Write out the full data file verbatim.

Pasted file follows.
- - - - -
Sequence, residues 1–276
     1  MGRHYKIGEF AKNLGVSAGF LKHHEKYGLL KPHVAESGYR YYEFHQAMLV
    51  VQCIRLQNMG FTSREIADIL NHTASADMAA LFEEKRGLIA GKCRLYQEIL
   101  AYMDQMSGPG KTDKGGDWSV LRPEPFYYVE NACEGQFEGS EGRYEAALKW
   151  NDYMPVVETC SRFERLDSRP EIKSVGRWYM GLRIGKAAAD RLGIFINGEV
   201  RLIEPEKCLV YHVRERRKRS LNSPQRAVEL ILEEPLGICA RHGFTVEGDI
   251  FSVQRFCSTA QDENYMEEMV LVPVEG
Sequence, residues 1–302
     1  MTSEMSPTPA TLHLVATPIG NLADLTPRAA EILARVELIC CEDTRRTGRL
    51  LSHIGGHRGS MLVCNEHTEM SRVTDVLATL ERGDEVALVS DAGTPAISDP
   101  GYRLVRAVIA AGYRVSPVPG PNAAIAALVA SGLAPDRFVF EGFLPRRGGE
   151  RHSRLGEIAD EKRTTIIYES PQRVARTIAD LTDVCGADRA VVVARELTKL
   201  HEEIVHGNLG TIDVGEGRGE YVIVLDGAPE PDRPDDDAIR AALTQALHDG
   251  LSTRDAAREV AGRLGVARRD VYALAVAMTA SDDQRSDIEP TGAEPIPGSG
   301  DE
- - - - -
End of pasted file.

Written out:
Sequence, residues 1–276
     1  MGRHYKIGEF AKNLGVSAGF LKHHEKYGLL KPHVAESGYR YYEFHQAMLV
    51  VQCIRLQNMG FTSREIADIL NHTASADMAA LFEEKRGLIA GKCRLYQEIL
   101  AYMDQMSGPG KTDKGGDWSV LRPEPFYYVE NACEGQFEGS EGRYEAALKW
   151  NDYMPVVETC SRFERLDSRP EIKSVGRWYM GLRIGKAAAD RLGIFINGEV
   201  RLIEPEKCLV YHVRERRKRS LNSPQRAVEL ILEEPLGICA RHGFTVEGDI
   251  FSVQRFCSTA QDENYMEEMV LVPVEG
Sequence, residues 1–302
     1  MTSEMSPTPA TLHLVATPIG NLADLTPRAA EILARVELIC CEDTRRTGRL
    51  LSHIGGHRGS MLVCNEHTEM SRVTDVLATL ERGDEVALVS DAGTPAISDP
   101  GYRLVRAVIA AGYRVSPVPG PNAAIAALVA SGLAPDRFVF EGFLPRRGGE
   151  RHSRLGEIAD EKRTTIIYES PQRVARTIAD LTDVCGADRA VVVARELTKL
   201  HEEIVHGNLG TIDVGEGRGE YVIVLDGAPE PDRPDDDAIR AALTQALHDG
   251  LSTRDAAREV AGRLGVARRD VYALAVAMTA SDDQRSDIEP TGAEPIPGSG
   301  DE